Most healthy wine cellars have a certain degree of humidity, and for good reason. Humidity helps maintain an appropriate amount of dampness within the cellar, ensuring wine corks remain moist and the fermentation process proceeds uninterrupted.
Also, humidity helps wooden wine racks reasonably elastic. Elasticity improves durability, creating appropriate conditions for longevity.
Therefore, humidity is a very supportive environmental variable for effective wine preservation. However, humidity becomes more of a liability than an asset when it causes mold.
How does mold appear within basement wine cellars?
If you find mold on wine bottles, simply wipe it off the surface of the bottles or the tops of corks using a clean, soft cloth. Make sure the cloth is soaked in antibacterial or antifungal detergents to ensure a safe and thorough cleaning. Unfortunately, once mold appears on the labels of your bottles, there’s very little that can be done to remove those blemishes.
How do you control the spread of mold? Invest in a hermetically sealed storage space and preserve your entire wine collection within a very controlled environment. Plastic vapour barriers or specially treated spray foam insulation help control the degree of humidity and moisture that permeates throughout the wine cellar storage space.
Create the perfect wine storage environment
Mold in wine cellars is always associated with moisture
Too much moisture is the biggest trigger of mold. Therefore, take proactive measures to control both airflow and moisture. Also, reinforce the pillars of your basement wine cellar to prevent any leaks or damage caused by water runoff.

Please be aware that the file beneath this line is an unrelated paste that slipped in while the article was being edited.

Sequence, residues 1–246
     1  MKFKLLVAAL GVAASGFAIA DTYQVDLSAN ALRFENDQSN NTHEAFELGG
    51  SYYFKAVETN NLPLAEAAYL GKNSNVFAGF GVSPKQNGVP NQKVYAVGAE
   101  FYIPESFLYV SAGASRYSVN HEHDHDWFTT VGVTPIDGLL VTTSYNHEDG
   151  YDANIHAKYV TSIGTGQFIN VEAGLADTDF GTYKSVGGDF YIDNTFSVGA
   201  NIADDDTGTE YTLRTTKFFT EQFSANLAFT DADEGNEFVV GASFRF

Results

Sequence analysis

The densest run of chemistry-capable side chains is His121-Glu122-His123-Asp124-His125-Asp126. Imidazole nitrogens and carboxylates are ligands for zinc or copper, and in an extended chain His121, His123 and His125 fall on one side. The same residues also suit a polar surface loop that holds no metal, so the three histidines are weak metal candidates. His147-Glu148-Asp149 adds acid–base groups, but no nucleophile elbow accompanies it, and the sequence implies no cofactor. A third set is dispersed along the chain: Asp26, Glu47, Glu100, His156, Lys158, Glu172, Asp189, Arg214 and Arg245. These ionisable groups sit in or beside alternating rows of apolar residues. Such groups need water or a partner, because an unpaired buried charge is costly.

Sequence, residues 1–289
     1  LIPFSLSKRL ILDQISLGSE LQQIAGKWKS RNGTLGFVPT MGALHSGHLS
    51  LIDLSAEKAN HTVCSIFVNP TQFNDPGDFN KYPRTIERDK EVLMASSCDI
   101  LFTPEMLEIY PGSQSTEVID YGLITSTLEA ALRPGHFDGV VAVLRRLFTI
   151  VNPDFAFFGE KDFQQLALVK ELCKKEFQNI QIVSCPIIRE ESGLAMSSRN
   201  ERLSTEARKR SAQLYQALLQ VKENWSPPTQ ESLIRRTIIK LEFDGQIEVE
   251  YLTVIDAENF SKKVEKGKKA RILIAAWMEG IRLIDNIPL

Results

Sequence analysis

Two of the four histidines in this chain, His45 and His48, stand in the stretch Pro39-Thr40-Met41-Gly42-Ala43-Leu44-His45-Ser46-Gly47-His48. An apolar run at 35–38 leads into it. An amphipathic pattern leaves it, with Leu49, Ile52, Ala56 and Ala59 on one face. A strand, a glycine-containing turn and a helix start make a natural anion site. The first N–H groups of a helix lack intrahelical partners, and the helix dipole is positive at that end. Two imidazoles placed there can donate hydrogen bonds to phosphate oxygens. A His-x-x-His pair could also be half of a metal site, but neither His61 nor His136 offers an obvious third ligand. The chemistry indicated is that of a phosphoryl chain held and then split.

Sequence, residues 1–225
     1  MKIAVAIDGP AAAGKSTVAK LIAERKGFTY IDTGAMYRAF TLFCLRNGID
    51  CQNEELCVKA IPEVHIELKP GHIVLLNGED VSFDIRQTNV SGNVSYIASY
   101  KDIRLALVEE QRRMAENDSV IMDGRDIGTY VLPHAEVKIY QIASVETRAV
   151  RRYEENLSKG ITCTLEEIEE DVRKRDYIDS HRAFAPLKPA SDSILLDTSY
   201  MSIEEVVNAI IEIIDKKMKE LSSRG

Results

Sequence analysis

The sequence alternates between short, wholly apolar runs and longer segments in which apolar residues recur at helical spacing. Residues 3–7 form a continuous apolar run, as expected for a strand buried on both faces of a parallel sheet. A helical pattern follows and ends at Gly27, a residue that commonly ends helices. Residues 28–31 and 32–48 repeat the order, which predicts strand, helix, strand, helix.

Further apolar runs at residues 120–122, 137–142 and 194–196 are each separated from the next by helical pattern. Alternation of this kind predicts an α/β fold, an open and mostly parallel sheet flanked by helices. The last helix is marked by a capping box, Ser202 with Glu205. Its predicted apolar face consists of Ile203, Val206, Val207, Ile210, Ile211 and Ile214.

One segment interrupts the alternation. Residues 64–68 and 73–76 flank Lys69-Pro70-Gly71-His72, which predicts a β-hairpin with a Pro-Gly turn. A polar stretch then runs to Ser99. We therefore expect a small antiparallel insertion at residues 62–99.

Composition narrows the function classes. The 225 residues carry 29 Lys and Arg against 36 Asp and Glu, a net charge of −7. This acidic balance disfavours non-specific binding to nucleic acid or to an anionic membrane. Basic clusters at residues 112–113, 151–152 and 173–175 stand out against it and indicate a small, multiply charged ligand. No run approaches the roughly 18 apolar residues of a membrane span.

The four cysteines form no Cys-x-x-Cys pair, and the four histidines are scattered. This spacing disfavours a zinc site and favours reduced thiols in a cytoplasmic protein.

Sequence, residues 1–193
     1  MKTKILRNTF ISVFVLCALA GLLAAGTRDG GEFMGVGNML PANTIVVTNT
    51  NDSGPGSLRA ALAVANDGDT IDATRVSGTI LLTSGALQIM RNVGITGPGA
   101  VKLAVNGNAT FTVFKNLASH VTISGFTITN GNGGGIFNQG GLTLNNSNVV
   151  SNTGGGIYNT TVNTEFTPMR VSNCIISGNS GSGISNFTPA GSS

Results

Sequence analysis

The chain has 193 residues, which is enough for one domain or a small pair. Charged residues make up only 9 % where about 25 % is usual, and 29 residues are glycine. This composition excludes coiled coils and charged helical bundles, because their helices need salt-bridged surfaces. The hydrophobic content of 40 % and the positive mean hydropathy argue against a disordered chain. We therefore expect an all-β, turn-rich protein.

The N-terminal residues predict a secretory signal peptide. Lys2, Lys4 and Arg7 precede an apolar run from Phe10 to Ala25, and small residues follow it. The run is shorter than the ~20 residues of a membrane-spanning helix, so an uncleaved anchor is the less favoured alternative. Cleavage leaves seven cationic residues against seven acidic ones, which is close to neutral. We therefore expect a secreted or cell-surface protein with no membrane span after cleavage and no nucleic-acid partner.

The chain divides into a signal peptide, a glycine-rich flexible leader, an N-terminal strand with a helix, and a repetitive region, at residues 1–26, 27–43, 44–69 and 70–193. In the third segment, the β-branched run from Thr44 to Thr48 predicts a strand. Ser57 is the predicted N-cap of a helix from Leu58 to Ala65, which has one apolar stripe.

Fix the foundation
Cracks in your foundation allow water to seep directly into the basement. Thus, fixes to the foundation will help protect your cellar space from water damage. You may want to hire a contract expert to help you with this work and ensure the job is done correctly.
Waterproof the cellar area
At the same time, you should invest in waterproof solutions for your cellar space. Invest in a nonporous material to line the areas that are susceptible to water seepage. Indeed, this is one of the best ways to prevent dampness and excessive moisture.
Secure home exterior
Furthermore, do a thorough inspection of the space directly outside your home, particularly the area that surrounds the basement. If water tends to pool close to the house, consider some yard renovations to change the water flow.
Air condition the wine cellar space to defeat mold